The Australian wine industry cannot afford to return to a business-as-usual approach, according to a recent report.

The Rabobank Global Focus report, entitled 'Australian wine - The easiest growth comes first', said this week that, with Australian oversupply diminishing in the next season, the industry must consider if it can spring back to how things used to be, or whether the global market has changed too much.

Australian wine has seen three years of record high production, resulting in considerable oversupply which could not be absorbed by international wine markets, said the report.

"However, recent drought, disease, frost, fire and hail has seen a 30% reduction in Australian grape production for 2007, with 2008 production also forecast to be down," the report said. "On this basis, oversupply is likely to be evaporated in the next season, the key issue is whether the successful Australian export machine can regain its momentum and increase exports of branded premium wines again at higher prices and what can it do to achieve this."

The report's author, Netherlands-based Rabobank International industry specialist on wine and spirits Arend Heijbroek said: "If it fails to do so, there is significant risk that the industry will return to difficulty when production is back to average yields in 2009 and beyond. The Australian wine industry exists in an increasingly competitive world market, where supply of wine can easily shift from one source to another, depending on consumer preferences, price/quality ratios, exchange rates and image to name just a few elements."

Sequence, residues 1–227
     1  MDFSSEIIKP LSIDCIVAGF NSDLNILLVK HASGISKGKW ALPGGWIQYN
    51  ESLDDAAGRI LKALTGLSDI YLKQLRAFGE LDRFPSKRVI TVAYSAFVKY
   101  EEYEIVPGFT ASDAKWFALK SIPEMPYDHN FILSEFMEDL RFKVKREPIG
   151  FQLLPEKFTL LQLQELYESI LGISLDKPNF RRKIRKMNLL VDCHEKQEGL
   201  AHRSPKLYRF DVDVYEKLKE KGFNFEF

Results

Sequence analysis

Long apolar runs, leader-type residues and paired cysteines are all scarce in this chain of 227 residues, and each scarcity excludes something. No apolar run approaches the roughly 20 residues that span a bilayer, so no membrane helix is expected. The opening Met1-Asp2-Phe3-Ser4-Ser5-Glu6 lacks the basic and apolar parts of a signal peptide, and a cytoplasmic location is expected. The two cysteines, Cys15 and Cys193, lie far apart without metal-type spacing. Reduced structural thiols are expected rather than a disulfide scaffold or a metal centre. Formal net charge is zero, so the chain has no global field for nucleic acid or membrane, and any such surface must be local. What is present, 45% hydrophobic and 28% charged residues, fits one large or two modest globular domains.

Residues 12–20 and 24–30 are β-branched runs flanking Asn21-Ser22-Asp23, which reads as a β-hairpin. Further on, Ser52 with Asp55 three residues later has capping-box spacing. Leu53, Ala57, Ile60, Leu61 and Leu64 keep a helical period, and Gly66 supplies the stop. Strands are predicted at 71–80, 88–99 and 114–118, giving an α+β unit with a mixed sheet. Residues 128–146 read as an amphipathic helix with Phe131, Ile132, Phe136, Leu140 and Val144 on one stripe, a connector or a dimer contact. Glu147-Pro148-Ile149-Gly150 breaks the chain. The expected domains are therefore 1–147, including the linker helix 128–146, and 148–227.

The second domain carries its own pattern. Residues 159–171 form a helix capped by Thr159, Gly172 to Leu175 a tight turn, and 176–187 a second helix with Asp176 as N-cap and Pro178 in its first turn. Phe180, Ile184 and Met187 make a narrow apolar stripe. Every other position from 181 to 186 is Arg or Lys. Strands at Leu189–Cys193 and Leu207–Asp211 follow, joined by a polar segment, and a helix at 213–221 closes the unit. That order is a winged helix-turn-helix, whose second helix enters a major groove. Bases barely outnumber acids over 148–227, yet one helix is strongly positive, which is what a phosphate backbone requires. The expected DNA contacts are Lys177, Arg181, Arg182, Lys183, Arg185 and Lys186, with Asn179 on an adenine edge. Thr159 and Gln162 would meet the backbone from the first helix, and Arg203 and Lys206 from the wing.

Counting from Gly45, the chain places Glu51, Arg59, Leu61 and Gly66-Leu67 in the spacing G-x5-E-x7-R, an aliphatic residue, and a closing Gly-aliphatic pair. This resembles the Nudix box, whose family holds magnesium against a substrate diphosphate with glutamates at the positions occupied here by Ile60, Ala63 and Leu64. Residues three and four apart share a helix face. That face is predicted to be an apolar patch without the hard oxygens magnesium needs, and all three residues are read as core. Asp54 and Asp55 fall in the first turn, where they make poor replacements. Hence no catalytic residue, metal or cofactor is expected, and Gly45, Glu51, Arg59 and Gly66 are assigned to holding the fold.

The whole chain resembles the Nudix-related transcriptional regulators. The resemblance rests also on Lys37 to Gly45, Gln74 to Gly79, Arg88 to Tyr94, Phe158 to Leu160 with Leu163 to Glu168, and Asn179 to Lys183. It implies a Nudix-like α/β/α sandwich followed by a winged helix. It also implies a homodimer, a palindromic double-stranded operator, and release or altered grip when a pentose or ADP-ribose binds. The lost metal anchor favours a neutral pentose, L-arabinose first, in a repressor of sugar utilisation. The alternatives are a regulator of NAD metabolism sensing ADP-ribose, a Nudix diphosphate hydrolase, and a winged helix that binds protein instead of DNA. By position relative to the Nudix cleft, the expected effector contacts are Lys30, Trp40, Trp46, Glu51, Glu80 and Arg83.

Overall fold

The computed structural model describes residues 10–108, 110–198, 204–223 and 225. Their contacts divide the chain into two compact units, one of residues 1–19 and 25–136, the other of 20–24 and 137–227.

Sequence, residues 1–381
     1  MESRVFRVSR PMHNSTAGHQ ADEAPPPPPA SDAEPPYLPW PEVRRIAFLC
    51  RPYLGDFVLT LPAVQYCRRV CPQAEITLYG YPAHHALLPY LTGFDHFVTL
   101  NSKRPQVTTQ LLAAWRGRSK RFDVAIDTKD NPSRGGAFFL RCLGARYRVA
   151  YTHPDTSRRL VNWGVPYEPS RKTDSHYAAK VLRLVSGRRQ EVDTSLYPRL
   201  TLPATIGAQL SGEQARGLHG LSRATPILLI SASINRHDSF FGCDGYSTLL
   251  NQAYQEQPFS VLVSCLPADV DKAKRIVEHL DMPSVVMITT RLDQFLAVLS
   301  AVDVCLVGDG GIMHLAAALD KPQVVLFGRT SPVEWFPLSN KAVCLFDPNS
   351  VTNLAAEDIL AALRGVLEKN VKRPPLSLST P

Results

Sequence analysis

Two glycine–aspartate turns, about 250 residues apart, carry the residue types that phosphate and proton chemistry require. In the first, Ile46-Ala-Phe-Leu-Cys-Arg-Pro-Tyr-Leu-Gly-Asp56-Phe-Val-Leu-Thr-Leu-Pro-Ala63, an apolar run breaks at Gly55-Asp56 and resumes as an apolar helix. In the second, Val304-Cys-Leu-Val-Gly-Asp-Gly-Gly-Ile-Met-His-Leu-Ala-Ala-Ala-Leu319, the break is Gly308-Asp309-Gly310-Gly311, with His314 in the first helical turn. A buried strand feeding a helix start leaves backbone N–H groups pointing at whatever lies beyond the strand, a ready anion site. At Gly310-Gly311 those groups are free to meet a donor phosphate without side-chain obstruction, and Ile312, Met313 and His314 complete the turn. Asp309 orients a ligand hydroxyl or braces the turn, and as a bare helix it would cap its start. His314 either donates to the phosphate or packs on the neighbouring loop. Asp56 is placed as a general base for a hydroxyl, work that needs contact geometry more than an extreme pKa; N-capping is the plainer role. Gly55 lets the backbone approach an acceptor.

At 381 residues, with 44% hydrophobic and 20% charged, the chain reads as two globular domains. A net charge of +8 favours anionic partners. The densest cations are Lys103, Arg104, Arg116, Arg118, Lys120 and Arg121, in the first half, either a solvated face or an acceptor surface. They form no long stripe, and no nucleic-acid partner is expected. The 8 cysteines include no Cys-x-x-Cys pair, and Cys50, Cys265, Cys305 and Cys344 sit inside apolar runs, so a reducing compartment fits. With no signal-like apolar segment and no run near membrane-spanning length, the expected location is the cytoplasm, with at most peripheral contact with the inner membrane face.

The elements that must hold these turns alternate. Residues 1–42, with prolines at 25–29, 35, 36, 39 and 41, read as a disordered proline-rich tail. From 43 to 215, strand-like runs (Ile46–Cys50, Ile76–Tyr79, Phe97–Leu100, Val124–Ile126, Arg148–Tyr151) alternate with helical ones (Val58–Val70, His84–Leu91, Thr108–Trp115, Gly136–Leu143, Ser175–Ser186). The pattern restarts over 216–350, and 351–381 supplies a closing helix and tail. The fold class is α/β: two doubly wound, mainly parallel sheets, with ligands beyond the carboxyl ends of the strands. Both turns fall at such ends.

The Rabobank report described how, despite Australia having had success both at home and internationally with its 'sunshine-in-a-bottle' image, it was now facing the risk of being locked into the 'cheap-and-cheerful' segment without hope of sustained profitable growth for suppliers of premium-branded wines.

Heijbroek said: "While this positioning is well supported by the friendly and relaxed Australian image, it is clearly not a comfortable fit for an industry which is not a real cost leader, and as a consequence has the ambitions of being a world-renowned supplier of premium-branded wines. Without changes there is even a risk that Australian wines will come to be viewed as a commodity, and consequently become caught in a downward spiral of declining prices and quality."

The report went on to illustrate the industry's position in facing uncertainties in future water supply, and the impact this may have on production, yields, quality and ultimately, cost price. "The influence on the long-term outlook of the industry is still very unclear, but should strengthen the position of higher quality, cool climate wines, an area where Australia has been less successful so far."

Heijbroek added: "The future is going to be more competitive, and profitable growth has to be gained in more complex overseas markets. Knowledge, marketing and sales will become increasingly important, requiring careful management and more financial resources. A crucial question for each company to consider is where it can best compete: grape and/or wine production, and what quality segment? What brand personality? Most companies are strongest when they focus on what they do best."